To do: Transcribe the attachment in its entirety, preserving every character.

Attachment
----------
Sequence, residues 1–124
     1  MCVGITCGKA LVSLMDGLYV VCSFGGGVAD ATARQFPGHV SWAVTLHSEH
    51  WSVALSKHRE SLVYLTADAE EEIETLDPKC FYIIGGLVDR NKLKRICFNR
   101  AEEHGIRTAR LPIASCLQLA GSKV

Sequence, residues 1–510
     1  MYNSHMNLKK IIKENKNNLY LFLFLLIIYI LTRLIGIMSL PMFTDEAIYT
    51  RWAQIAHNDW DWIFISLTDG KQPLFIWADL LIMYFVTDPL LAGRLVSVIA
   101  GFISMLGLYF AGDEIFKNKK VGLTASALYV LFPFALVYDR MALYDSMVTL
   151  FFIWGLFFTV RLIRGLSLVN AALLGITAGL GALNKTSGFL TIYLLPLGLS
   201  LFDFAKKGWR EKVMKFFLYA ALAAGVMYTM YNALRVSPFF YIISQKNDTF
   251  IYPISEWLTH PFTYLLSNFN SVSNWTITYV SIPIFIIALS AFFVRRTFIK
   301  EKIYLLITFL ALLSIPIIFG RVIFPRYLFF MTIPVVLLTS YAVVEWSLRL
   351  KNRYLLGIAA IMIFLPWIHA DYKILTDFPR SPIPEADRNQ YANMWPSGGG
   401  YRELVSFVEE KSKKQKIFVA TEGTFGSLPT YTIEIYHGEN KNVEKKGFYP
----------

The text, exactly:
Sequence, residues 1–124
     1  MCVGITCGKA LVSLMDGLYV VCSFGGGVAD ATARQFPGHV SWAVTLHSEH
    51  WSVALSKHRE SLVYLTADAE EEIETLDPKC FYIIGGLVDR NKLKRICFNR
   101  AEEHGIRTAR LPIASCLQLA GSKV

Sequence, residues 1–510
     1  MYNSHMNLKK IIKENKNNLY LFLFLLIIYI LTRLIGIMSL PMFTDEAIYT
    51  RWAQIAHNDW DWIFISLTDG KQPLFIWADL LIMYFVTDPL LAGRLVSVIA
   101  GFISMLGLYF AGDEIFKNKK VGLTASALYV LFPFALVYDR MALYDSMVTL
   151  FFIWGLFFTV RLIRGLSLVN AALLGITAGL GALNKTSGFL TIYLLPLGLS
   201  LFDFAKKGWR EKVMKFFLYA ALAAGVMYTM YNALRVSPFF YIISQKNDTF
   251  IYPISEWLTH PFTYLLSNFN SVSNWTITYV SIPIFIIALS AFFVRRTFIK
   301  EKIYLLITFL ALLSIPIIFG RVIFPRYLFF MTIPVVLLTS YAVVEWSLRL
   351  KNRYLLGIAA IMIFLPWIHA DYKILTDFPR SPIPEADRNQ YANMWPSGGG
   401  YRELVSFVEE KSKKQKIFVA TEGTFGSLPT YTIEIYHGEN KNVEKKGFYP